As an organization signs contracts, they should be aware of these things.
Managing contracts that are compliant is critical to align with proper legal standards and internal company processes. Being aware of new and upcoming regulations is critical for all teams to ensure an organization’s success. One fundamental aspect of this is a contract’s signatures.
If it has to come down to it, the validity of a contract will often come down to a judge’s ruling in court, but there are many things an organization can do to see to it there is limited room for questioning. Here’s a brief overview outlining some circumstances that could call for contesting the signatures on a contract—and how to avoid them.
While certain parts of a contract will call for initials, initialing only these parts does not mean the contract is fully signed. For example, in many procurement contracts, there are blank lines for initials next to key financial terms sellers are asked to initial. Initialing these but not the final signature could signify to a judge that the initials did not constitute the final signing of a document. There are almost always still some parts throughout a contract that will need a full signature. It’s critical to ensure all parties add not only their initials where appropriate, but also include a full signature on all necessary lines to avoid any potential conflict. Signing the full signature lines with only initials could raise the question of whether the person initialing the contract intended to fully sign it, or simply initialed parts of a contract and then changed their mind before signing.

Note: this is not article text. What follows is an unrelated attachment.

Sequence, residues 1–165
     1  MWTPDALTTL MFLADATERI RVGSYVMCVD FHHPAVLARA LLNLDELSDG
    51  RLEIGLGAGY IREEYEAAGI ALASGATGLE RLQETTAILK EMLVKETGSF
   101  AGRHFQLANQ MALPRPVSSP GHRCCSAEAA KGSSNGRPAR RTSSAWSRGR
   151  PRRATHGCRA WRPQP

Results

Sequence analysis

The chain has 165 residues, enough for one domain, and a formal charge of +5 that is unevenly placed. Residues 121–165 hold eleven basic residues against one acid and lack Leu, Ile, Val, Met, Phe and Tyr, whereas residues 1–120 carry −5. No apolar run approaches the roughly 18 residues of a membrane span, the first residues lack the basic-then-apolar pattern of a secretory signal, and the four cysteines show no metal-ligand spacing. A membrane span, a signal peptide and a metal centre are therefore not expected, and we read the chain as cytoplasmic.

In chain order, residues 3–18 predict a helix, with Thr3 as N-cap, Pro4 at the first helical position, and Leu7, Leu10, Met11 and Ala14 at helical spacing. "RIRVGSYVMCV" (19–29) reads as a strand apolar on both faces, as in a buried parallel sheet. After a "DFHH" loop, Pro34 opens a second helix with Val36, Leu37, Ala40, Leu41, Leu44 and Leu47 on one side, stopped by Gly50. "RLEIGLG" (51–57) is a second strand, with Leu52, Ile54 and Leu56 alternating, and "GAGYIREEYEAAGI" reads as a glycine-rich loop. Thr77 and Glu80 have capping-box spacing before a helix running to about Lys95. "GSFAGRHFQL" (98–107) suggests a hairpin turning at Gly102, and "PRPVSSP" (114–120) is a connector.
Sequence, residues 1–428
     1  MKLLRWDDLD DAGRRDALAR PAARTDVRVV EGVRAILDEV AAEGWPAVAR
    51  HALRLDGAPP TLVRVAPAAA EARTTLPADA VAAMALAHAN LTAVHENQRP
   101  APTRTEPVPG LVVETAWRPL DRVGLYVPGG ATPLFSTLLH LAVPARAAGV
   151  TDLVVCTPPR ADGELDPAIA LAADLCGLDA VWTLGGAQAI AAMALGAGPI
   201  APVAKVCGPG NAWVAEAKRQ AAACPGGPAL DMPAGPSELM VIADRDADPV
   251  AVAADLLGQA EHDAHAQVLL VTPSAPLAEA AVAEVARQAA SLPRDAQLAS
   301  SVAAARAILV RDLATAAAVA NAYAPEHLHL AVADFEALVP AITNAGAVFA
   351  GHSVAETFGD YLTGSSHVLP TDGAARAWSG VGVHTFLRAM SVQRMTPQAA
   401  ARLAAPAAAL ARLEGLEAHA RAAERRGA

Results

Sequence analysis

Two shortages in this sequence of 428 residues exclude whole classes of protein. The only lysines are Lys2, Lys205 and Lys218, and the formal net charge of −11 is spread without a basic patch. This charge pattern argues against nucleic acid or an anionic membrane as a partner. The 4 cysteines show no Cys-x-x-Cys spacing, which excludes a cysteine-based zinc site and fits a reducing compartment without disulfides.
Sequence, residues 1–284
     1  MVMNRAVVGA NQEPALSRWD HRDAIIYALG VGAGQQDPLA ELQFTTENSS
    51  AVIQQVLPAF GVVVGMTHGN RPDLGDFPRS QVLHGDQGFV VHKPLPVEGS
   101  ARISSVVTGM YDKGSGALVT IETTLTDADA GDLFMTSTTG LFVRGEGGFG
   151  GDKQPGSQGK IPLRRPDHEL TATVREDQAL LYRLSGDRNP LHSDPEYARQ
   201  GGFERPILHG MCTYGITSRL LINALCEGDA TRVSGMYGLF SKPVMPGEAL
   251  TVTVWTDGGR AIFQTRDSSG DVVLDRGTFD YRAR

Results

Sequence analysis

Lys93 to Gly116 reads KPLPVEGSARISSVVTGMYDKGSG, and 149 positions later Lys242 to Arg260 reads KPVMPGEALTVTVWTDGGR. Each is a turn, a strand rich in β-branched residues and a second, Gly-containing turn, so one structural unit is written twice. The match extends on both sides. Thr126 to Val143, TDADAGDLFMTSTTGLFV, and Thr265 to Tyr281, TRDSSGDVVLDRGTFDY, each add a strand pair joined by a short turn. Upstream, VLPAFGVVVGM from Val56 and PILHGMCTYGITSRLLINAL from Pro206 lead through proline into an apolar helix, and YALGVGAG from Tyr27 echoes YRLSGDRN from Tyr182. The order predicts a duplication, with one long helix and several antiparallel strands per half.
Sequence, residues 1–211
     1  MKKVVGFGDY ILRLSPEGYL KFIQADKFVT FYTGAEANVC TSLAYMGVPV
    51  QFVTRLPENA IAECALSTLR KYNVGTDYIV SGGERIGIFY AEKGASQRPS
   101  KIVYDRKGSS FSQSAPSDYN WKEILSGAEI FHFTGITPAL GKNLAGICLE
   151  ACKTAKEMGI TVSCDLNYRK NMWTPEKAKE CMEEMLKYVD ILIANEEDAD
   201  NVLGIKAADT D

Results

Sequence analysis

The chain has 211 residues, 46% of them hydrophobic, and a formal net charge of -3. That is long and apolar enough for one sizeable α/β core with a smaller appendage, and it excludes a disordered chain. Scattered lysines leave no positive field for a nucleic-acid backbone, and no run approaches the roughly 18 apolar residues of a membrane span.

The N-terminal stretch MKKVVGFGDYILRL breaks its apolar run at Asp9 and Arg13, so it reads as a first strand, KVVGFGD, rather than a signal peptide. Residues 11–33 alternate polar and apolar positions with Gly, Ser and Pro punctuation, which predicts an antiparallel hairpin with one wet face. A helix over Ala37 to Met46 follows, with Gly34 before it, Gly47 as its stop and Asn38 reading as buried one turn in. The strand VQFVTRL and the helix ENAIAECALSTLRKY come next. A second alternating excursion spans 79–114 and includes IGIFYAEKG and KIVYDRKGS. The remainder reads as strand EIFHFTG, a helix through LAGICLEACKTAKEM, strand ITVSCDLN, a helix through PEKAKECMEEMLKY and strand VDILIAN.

In limited circumstances, an oral agreement may be enforceable by courts, but to ensure the full legality of a contract, it’s more than likely that a signed agreement, either paper or e-signature, will need to be in place. The Statute of Frauds requires certain contracts to be in writing and signed by the parties bound by the contract to prevent fraud. Getting all terms and conditions in writing and signed from the very beginning is the best way to ensure all sides are happy with the agreement and held accountable.
Thanks to the ESIGN Act of 2000 in the United States and eIDAS in the EU, e-signatures now have the same weight as traditionally signed contracts. Often they are more easily enforced in a court because of the checks and balances in place aren’t there for paper signatures. Elements such as timestamps and negotiation points are well documented, and signed contracts can be exported into any format, or referenced at any time on a contract management platform.
Clear communication and following the correct regulations will help ensure all parties signing a contract are happy with the agreement. Ensuring compliance throughout the signature process will mitigate risk and assist in creating good business relationships through contracts.